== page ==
Provisionally Corrected Surface Wind Data, Worldwide Ocean-Atmosphere Surface Fields, and Sahellan Rainfall Variability

M. Neil Ward Hadley Centre for Climate prediction and Research, Meteorological Office, Bracknell, Berks, England

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Abstract

Worldwide ship datasets of sea surface temperature (SST), sea level pressure (SLP), and surface vector wind are analyzed for a July-September composite of five Sabelian wet years (1950, 1952, 1953, 1954, 1958) minus five Sahelian dry years (1972, 1973, 1982, 1983, 1984) (WD). The results are compared with fields for a number of individual years and for 1988 minus 1987 (8887); Sahelian rainfall in 1988 was near the 1951–80 normal, whereas 1987 was very dry. Before performing the analyses, an extensive study of the geostrophic consistency of trends in pressure gradients and observed wind was undertaken, motivated by the suggestion that changes in observational practice on board ships have introduced an upward trend in reported wind speed during the last 40 years.

The results suggest that, during the period 1949–88, there is a mean increase in reported wind speed of about 16% that cannot be explained by trends in geostrophic winds derived from seasonal mean SLP. Estimates of the wind bias are averaged for 18 ocean regions. The trend in every 2° lat × 2° long wind time series is adjusted according to the mean bias of the region in which the box resides.

A map of correlations between Sahelian rainfall and SLP in all available ocean regions is shown to be field significant. Remote atmospheric associations with Sahelian rainfall are consistent with recent suggestions that SST forcing from the tropical Atlantic and the other ocean basins may contribute to variability in seasonal Sahelian rainfall. It is suggested that wetter years in the Sahel are often accompanied by a stronger surface monsoonal flow over the western Indian Ocean and low SLP in the tropical western Pacific near New Guinea, and there is also a suggestion of increased cyclonicity over the extratropical eastern North Atlantic and northwest Europe. All of these features were present in WD and 8887 fields. In the tropical Atlantic, WD shows many of the features identified by previous authors. However, the 8887 fields do not reflect these large-wale tropical Atlantic changes. Instead there is only local strengthening of the pressure gradient and wind flow from Brazil to Senegal. Further individual years are presented (1958, 1972, 1975) to provide specific examples of some of the patterns identified in WD, while July-September 1983 is shown to have an SLP anomaly pattern over the tropical oceans that is quite unique in the period 1949–88.

Abstract

Worldwide ship datasets of sea surface temperature (SST), sea level pressure (SLP), and surface vector wind are analyzed for a July-September composite of five Sabelian wet years (1950, 1952, 1953, 1954, 1958) minus five Sahelian dry years (1972, 1973, 1982, 1983, 1984) (WD). The results are compared with fields for a number of individual years and for 1988 minus 1987 (8887); Sahelian rainfall in 1988 was near the 1951–80 normal, whereas 1987 was very dry. Before performing the analyses, an extensive study of the geostrophic consistency of trends in pressure gradients and observed wind was undertaken, motivated by the suggestion that changes in observational practice on board ships have introduced an upward trend in reported wind speed during the last 40 years.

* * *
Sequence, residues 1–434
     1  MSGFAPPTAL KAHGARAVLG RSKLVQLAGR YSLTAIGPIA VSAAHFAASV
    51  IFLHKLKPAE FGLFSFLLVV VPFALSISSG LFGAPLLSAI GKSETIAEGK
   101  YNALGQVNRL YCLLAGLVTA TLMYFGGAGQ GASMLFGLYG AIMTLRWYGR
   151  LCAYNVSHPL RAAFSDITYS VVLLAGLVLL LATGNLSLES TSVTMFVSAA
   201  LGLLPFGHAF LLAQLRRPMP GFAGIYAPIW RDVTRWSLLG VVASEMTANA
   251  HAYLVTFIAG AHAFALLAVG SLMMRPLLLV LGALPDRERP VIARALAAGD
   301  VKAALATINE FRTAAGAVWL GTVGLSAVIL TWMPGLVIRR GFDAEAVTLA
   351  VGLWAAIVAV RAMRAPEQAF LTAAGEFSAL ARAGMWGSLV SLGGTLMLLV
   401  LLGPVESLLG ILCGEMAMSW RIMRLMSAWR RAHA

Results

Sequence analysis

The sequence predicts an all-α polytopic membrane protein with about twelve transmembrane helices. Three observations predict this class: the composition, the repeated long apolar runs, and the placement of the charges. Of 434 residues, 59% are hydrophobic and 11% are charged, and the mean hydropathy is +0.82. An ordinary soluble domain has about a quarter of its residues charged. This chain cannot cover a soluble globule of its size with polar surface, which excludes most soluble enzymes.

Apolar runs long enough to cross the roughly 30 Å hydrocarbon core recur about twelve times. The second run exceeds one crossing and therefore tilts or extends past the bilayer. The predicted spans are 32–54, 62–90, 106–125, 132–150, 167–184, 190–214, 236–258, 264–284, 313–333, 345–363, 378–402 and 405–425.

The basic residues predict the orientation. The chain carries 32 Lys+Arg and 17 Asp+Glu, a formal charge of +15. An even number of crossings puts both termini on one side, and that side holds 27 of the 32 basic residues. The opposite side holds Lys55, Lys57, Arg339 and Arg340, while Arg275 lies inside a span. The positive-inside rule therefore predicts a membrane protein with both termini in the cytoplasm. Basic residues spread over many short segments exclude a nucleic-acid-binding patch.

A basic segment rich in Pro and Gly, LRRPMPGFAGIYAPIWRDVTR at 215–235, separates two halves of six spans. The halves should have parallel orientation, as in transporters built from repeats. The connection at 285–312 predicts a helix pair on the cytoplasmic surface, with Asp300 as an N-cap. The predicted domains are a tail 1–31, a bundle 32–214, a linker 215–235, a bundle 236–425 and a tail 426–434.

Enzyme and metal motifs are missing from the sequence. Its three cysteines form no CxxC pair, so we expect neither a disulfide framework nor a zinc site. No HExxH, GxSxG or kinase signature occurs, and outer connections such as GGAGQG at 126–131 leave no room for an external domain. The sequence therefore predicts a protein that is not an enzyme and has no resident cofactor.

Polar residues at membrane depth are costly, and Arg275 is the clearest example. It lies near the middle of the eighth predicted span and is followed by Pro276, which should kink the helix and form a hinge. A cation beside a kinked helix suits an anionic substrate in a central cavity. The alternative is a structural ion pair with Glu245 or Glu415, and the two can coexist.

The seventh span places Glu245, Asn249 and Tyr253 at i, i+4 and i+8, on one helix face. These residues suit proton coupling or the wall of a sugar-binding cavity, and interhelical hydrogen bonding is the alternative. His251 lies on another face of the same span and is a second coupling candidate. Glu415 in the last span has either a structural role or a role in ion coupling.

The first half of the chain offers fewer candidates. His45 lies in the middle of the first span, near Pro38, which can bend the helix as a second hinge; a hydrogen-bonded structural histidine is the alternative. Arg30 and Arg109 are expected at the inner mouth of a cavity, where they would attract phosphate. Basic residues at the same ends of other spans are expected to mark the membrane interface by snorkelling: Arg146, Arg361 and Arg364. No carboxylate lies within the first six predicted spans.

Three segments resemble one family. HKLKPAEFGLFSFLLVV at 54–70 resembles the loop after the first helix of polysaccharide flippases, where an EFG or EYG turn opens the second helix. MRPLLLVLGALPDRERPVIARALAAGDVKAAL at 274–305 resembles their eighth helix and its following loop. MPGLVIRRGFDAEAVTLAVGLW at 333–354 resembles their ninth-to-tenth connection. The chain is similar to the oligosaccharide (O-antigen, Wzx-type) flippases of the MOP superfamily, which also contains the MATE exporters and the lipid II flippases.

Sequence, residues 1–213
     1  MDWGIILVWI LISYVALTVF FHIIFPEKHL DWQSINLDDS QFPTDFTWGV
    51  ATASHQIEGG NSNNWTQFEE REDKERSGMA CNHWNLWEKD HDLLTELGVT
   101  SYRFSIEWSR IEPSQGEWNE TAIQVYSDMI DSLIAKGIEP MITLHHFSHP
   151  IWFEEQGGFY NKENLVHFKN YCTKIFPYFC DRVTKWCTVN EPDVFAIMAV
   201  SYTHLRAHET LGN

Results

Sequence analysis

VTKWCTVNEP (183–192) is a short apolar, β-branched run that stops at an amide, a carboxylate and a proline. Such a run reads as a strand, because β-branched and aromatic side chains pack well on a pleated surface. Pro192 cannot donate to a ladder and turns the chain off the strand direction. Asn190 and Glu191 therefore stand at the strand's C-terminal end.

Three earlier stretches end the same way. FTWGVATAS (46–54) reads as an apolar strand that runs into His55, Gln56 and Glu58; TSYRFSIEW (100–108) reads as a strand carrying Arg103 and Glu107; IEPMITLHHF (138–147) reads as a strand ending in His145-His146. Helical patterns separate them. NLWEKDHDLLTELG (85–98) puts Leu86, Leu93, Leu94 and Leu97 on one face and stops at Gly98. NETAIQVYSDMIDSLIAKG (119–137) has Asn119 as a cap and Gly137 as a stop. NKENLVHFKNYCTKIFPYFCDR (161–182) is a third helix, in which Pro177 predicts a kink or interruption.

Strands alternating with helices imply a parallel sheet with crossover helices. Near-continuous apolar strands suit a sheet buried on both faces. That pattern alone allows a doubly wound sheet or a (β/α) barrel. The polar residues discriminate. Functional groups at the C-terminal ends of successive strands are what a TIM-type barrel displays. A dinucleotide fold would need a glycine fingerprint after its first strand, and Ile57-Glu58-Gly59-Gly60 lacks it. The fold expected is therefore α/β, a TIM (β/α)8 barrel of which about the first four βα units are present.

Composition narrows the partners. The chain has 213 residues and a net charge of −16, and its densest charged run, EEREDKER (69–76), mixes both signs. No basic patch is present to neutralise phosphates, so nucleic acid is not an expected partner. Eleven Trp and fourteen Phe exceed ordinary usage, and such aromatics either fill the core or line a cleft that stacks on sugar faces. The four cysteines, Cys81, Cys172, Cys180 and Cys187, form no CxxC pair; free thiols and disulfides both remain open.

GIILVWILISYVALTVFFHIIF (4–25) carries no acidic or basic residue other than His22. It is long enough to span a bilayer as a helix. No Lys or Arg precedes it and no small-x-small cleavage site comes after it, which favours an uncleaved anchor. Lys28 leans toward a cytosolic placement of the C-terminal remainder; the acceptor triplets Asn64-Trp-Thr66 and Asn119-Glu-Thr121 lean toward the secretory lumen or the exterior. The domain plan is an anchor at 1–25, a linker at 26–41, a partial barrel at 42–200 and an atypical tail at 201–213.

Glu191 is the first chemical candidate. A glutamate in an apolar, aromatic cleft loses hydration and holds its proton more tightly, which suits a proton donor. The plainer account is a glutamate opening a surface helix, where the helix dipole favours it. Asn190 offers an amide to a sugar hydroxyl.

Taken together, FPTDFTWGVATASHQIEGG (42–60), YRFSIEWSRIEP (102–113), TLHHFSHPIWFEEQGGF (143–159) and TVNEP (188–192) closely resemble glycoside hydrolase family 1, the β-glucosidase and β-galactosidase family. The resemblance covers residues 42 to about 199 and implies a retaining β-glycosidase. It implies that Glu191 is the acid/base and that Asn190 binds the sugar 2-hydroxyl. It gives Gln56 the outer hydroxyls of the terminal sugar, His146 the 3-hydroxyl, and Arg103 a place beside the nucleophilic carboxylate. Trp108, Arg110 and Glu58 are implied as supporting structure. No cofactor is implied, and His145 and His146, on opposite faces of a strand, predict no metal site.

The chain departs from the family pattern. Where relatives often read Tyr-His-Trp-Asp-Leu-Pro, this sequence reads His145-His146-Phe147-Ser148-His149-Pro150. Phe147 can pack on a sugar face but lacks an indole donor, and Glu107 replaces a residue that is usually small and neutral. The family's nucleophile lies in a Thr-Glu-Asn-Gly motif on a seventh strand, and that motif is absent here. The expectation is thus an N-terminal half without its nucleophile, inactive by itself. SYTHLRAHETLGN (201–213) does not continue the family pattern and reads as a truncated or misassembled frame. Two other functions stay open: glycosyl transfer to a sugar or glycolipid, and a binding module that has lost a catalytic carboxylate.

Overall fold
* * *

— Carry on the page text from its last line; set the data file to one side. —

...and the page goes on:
The results suggest that, during the period 1949–88, there is a mean increase in reported wind speed of about 16% that cannot be explained by trends in geostrophic winds derived from seasonal mean SLP. Estimates of the wind bias are averaged for 18 ocean regions. The trend in every 2° lat × 2° long wind time series is adjusted according to the mean bias of the region in which the box resides.

A map of correlations between Sahelian rainfall and SLP in all available ocean regions is shown to be field significant. Remote atmospheric associations with Sahelian rainfall are consistent with recent suggestions that SST forcing from the tropical Atlantic and the other ocean basins may contribute to variability in seasonal Sahelian rainfall. It is suggested that wetter years in the Sahel are often accompanied by a stronger surface monsoonal flow over the western Indian Ocean and low SLP in the tropical western Pacific near New Guinea, and there is also a suggestion of increased cyclonicity over the extratropical eastern North Atlantic and northwest Europe. All of these features were present in WD and 8887 fields. In the tropical Atlantic, WD shows many of the features identified by previous authors. However, the 8887 fields do not reflect these large-wale tropical Atlantic changes. Instead there is only local strengthening of the pressure gradient and wind flow from Brazil to Senegal. Further individual years are presented (1958, 1972, 1975) to provide specific examples of some of the patterns identified in WD, while July-September 1983 is shown to have an SLP anomaly pattern over the tropical oceans that is quite unique in the period 1949–88.

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